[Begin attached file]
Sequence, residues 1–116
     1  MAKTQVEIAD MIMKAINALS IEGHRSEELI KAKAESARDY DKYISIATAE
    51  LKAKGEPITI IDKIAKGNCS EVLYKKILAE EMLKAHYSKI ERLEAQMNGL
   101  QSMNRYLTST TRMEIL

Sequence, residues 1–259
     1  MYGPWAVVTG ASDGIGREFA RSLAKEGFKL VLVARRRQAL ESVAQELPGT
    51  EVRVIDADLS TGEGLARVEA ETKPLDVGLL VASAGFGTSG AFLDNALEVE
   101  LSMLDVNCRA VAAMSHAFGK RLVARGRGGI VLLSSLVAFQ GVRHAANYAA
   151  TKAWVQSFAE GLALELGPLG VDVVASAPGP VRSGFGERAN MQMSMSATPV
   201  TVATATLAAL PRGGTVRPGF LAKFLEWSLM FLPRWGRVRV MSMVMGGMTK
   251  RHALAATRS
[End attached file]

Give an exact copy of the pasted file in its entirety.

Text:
Sequence, residues 1–116
     1  MAKTQVEIAD MIMKAINALS IEGHRSEELI KAKAESARDY DKYISIATAE
    51  LKAKGEPITI IDKIAKGNCS EVLYKKILAE EMLKAHYSKI ERLEAQMNGL
   101  QSMNRYLTST TRMEIL

Sequence, residues 1–259
     1  MYGPWAVVTG ASDGIGREFA RSLAKEGFKL VLVARRRQAL ESVAQELPGT
    51  EVRVIDADLS TGEGLARVEA ETKPLDVGLL VASAGFGTSG AFLDNALEVE
   101  LSMLDVNCRA VAAMSHAFGK RLVARGRGGI VLLSSLVAFQ GVRHAANYAA
   151  TKAWVQSFAE GLALELGPLG VDVVASAPGP VRSGFGERAN MQMSMSATPV
   201  TVATATLAAL PRGGTVRPGF LAKFLEWSLM FLPRWGRVRV MSMVMGGMTK
   251  RHALAATRS